Beyond the Crisis, Routine?

Argentina Economic Crisis
Left-wing demonstrators protest in Buenos Aires, Jan. 15, 2002 (Photo: AFP).

The idea that the crisis in Argentina is the result of a corrupt government and the squandering of the nation’s wealth is not credible. Nor can the crisis be attributed to poor administration. If that were the case, most Latin American countries would have entered a crisis of legitimacy and profound institutional deterioration long ago.

The causes cannot be found in a failure to learn the “laws” of supply and demand as taught in a school of economics. We need to search elsewhere for the causes. They have political roots. Economic clichés and interpretations will only cloud the understanding of processes that date back to reforms implemented in the years of military dictatorship and that have been maintained until now by the Radical Civic Union and Justicialist Party civilian governments.

Argentina’s political crisis is a manifestation of reforms carried out during the last three decades. For this reason—and in contrast to previous crises—we find that social instability, the political vacuum, and even President Fernando de la Rúa’s resignation have not provoked rumors of a coup d’état. Few see a military uprising as a solution. Instead, everyone is talking about a problem of macroeconomic adjustment and coordination. Why is this so?

The solutions proposed for the crisis include no changes in the dynamics of privatization and reconversion that have been systematically implemented in recent decades. On the contrary, the intention is to continue with the same practices. It is thus a matter of preserving a strategic plan established under military juntas and maintained to the present. After 30 years of policies focused on re-establishing order, we can state confidently that we are witnessing the clearest manifestations of those policies.
This crisis is the result of a neo-oligarchical political project characterized by exclusion and concentration and founded on utilitarian economic principles. This crisis is a consequence of the ongoing application of neo-liberal policies. What is happening today in Argentina may happen tomorrow in Brazil, Chile, Uruguay, or Mexico.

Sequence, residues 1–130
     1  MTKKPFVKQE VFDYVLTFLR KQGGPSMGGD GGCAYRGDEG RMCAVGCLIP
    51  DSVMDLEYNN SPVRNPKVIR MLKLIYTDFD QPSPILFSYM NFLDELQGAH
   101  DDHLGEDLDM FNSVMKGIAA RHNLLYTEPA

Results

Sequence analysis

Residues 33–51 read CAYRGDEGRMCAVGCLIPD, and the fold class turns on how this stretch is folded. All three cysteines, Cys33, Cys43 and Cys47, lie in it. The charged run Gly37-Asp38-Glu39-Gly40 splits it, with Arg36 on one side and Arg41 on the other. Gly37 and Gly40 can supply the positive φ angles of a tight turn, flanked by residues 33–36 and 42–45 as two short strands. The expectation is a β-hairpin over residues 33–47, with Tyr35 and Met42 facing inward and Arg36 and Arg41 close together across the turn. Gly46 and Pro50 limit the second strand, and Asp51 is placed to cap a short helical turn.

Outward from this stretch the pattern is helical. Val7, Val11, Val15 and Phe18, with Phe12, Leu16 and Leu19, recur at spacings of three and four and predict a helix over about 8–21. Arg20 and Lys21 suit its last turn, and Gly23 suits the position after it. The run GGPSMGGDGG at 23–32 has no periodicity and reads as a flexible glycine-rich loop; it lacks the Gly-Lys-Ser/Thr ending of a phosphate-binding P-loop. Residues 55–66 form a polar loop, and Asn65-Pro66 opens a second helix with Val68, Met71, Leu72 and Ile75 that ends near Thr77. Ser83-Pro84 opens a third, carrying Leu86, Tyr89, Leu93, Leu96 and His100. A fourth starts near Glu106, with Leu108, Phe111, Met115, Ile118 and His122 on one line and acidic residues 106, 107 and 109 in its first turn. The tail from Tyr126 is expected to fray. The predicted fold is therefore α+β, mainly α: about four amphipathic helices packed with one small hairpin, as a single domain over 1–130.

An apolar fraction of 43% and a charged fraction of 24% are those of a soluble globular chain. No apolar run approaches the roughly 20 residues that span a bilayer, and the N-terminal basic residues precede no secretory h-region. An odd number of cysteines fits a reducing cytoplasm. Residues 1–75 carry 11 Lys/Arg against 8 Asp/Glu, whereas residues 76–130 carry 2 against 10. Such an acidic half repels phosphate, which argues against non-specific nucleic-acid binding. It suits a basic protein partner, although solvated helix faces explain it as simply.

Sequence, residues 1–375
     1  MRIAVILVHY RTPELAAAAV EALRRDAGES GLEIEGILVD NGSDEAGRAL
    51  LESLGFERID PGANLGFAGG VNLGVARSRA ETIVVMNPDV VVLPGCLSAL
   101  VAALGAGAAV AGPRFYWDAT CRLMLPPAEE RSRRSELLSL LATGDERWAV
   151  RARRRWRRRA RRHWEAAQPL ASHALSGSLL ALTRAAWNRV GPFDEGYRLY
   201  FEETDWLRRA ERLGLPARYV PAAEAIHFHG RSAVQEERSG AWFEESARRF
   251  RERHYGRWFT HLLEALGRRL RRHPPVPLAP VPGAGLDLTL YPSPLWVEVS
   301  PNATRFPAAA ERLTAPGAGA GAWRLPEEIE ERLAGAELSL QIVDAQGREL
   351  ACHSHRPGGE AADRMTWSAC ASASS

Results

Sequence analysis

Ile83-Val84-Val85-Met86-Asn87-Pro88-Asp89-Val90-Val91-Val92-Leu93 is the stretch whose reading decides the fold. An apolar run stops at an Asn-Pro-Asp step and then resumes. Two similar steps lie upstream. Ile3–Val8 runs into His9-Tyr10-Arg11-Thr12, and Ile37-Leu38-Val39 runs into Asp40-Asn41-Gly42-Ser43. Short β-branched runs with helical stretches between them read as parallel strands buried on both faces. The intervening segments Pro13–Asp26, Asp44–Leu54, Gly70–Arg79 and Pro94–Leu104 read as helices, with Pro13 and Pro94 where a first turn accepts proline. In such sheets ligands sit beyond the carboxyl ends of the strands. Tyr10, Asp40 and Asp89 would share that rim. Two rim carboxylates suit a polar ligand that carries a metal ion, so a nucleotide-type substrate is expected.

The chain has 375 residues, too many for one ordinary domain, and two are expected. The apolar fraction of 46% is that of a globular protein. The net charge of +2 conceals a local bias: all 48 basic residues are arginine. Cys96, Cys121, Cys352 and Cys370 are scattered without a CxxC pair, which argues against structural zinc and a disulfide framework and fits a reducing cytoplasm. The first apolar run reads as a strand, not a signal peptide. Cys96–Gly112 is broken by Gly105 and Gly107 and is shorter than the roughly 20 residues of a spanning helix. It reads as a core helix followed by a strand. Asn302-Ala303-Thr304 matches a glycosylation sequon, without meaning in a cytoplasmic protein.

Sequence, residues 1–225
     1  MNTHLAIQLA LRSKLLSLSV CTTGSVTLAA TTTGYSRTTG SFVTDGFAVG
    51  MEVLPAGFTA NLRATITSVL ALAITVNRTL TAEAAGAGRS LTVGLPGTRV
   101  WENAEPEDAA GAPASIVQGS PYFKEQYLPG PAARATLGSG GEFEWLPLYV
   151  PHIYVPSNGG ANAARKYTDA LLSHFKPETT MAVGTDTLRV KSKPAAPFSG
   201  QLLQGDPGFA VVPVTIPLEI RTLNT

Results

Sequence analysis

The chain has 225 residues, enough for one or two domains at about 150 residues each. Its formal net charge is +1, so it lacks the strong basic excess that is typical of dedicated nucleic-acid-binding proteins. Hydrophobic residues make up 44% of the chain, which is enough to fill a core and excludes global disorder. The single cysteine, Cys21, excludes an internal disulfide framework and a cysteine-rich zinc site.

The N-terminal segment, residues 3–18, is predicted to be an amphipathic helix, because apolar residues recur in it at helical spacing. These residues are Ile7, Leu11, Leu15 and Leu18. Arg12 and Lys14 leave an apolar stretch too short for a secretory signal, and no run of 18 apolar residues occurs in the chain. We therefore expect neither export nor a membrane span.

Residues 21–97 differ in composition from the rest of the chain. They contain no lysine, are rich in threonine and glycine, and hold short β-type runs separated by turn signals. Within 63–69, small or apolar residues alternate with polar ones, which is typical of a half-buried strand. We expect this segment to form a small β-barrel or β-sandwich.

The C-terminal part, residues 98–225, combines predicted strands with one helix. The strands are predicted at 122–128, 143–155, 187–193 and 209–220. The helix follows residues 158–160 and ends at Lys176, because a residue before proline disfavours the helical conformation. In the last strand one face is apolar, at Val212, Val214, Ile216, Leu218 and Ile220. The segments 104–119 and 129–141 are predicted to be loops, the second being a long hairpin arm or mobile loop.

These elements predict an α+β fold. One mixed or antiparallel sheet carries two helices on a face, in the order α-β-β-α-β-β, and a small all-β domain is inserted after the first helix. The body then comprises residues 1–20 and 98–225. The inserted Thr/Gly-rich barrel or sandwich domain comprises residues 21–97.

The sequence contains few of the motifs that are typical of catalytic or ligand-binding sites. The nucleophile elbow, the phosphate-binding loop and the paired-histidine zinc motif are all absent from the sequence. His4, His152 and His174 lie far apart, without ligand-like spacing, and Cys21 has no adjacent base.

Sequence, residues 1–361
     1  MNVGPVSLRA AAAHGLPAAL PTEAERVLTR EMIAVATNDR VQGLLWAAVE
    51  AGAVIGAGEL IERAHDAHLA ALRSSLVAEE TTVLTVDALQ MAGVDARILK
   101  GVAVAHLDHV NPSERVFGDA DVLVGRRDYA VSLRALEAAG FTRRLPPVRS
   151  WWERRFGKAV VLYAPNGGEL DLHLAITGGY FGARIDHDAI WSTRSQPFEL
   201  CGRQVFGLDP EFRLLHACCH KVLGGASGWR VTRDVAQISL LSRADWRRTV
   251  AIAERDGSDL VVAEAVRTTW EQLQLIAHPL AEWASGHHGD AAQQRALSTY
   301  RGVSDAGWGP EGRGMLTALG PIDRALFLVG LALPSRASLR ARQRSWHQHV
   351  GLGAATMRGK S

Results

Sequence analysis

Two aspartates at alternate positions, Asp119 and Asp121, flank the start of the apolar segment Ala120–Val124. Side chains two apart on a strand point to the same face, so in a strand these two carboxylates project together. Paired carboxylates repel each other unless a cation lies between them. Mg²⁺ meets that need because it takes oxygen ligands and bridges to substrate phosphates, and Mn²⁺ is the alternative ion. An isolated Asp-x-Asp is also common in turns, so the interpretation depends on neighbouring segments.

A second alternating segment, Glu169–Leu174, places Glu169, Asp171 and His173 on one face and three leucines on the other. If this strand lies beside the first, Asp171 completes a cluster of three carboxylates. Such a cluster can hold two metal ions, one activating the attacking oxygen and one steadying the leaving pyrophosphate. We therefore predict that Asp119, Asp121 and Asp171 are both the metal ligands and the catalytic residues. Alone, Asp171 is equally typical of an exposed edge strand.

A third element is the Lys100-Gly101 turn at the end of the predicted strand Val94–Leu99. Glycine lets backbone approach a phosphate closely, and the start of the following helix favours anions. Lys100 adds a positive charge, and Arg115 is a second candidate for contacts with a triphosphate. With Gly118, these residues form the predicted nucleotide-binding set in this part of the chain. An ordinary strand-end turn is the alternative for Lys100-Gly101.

Nevertheless, ad hoc interpretations seek to avoid this explanation, presenting the problem instead as a particular case of financial mechanisms and monetary liquidity. The focus is on increasing the confidence of foreign investors. It is a technical problem and a matter of the country’s international image. Analysts rush to give econometric explanations, without mentioning the effects of the liberal policies.

President De la Rúa’s resignation is interpreted and presented as the end of the crisis and the beginning of the solution. There is no more instability, and a new historical moment has begun. Everything will be different. In a single day, demonstrations and protests are over, and everything has returned to normal. Nothing has changed, but everything seems different. Back to the routine.

A strange way to resolve a problem. The causes are left untouched; the problems at the root of the situation are not attacked. But the discourse we hear refers to putting an end to what’s wrong in the country. There’s a promise to maintain parity between the dollar and the peso—and now with the argentino [a proposed, nonconvertible currency]. And the current moment is presented as the perfect one for regenerating the political sphere.

Everyone appears to be struggling together to save Argentina from the worst crisis in its history. But few describe this crisis—and seek the roots of this crisis—in the policies carried out during the past 30 years. It’s better to use a scapegoat, and not exactly Carlos Saúl Menem [president from 1989 to 1999]. De la Rúa is the person designated for this role.

According to the criteria of political engineering, his resignation is conceived as an act of prudence to avoid worse problems. There is no political responsibility, just a bad administration. Members of his government resign with him, and, in this way, the failure is shared. De la Rúa’s resignation is a display of political cowardice. The decision is consonant with the premise of not endangering major foreign investment and international capital, upon which an illusion of a powerful Argentina has been built.

For other countries in the region, Argentina was considered a model in implementing reforms. Privatization, dropping of trade and financial barriers, and the deregulation of the labor market are the pillars upon which a vigorous Argentina has been presented. Now that the illusion has been shattered, responsibility falls on a few incompetent and incapable individuals. No one makes the link between this crisis and neo-liberal policies.

All the changes carried out to modernize and adapt structures to the requirements of a new world order must remain intact. It is important to maintain the sense of a hopeful future. A curtain of smoke must be draped to conceal the the breakdown of the public sphere, to avoid questions about the neo-oligarchization of power.

The victims of these policies are not given any place in this new order. Civil disobedience and violence will intensify, and totalitarian regimes will be imposed to maintain governability. In Argentina we are seeing the first manifestations of this process. The crisis threatens the entire American continent. We are witnessing the collapse of the neo-liberal myth of order and progress. Perhaps we should insist that this be acknowledged. It is a necessary part of the struggle for democracy.